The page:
But then it's been a long time since I've been as blown away by a book as I've been blown away by "A Song of Winter" by Andrew James Greig: I got hooked very quickly and there then seemed no ...
Brigid Benson succeeds admirably in communicating the magic of Scotland's outer isles to her readers; and she is equally ...
The Genius of Time" by Ray Perman is a remarkable book about a remarkable man. James Hutton was one of the giants of the Scottish Enlightenment. His Theory of the Earth revolutionised the way we think ...
How Fish Made a Culture" by John Goodlad is the fascinating and beautifully written history of the impact of the salt fish ...
Port Appin lies on the coast of Appin, just north of Loch Creran as it meets the sea. It looks directly across the strip of water called the Lynn of Lorn to the northern tip of the island of Lismore, ...
Cramond Island is a tidal island in the Firth of Forth reached at low tide by a causeway which extends for just over ¾ of a mile into the river from the village of Cramond. There is a noticeboard at ...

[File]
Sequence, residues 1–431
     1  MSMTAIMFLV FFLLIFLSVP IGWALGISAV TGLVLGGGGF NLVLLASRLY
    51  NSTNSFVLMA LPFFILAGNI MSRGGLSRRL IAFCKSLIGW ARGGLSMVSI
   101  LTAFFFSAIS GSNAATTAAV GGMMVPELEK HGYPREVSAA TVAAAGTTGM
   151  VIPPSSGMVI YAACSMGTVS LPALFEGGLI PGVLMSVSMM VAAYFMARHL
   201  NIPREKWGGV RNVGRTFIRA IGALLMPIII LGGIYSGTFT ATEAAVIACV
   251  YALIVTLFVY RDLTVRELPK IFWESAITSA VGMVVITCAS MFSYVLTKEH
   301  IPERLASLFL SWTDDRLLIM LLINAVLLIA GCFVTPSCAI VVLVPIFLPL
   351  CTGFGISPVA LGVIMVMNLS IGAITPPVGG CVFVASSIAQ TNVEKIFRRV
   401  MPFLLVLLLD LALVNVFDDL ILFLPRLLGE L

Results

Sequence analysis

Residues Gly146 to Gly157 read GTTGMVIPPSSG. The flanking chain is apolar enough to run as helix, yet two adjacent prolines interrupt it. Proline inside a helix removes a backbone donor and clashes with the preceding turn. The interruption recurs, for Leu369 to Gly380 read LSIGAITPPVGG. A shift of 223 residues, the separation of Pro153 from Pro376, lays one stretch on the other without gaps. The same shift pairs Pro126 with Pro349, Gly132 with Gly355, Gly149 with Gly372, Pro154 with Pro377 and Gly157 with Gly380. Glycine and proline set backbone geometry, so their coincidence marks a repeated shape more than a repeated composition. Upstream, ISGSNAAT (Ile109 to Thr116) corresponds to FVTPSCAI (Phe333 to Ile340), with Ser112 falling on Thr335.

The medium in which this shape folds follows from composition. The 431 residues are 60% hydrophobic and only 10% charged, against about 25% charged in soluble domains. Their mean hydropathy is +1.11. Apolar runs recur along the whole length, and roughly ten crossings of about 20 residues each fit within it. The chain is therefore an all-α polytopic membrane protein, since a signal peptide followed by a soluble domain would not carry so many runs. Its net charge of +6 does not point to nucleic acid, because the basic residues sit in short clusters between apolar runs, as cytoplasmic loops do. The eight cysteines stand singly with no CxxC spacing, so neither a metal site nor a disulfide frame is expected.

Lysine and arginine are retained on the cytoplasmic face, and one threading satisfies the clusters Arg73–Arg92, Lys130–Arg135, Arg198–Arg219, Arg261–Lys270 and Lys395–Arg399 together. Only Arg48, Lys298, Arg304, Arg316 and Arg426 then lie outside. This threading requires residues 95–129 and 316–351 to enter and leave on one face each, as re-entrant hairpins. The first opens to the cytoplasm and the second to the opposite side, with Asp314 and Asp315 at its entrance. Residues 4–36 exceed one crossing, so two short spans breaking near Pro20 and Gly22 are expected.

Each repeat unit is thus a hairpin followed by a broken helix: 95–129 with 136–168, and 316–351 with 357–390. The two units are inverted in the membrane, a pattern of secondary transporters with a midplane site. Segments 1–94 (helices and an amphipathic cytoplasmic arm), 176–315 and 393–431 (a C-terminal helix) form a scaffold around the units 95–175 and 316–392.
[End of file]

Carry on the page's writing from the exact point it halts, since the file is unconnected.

The road across the north end of the Trotternish Peninsula emerges on its west coast at the small settlement of Duntulm. Beyond the settlement a rocky promontory is the location of the fragmentary ...
In 2016 the MV Coruisk, the ferry mainly shown on this page, was controversially moved to support another of CalMac's services and replaced on this route. We will update this page as soon as possible.
Signs from the A904 a couple of miles west of Queensferry and the south end of the Forth Road Bridge point visitors to Abercorn Church. The signs lead you to the tiny hamlet of Abercorn and to the ...
Lying in the hills overlooking Pitlochry from the east, is Edradour Distillery, which until the advent of the new wave of micro-distilleries was the smallest in Scotland. Edradour is the last ...
The old coast road from Arisaig north to Morar is one of the most memorable in Scotland. This isn't because of its twists and turns and narrow single track stretches. No, what makes it truly memorable ...
Stac Pollaidh means "peak of the peat moss", and has a character out of all proportion to its mere 612m or 2,008ft height. As mountains go, this one is extremely accessible, and over the years this ...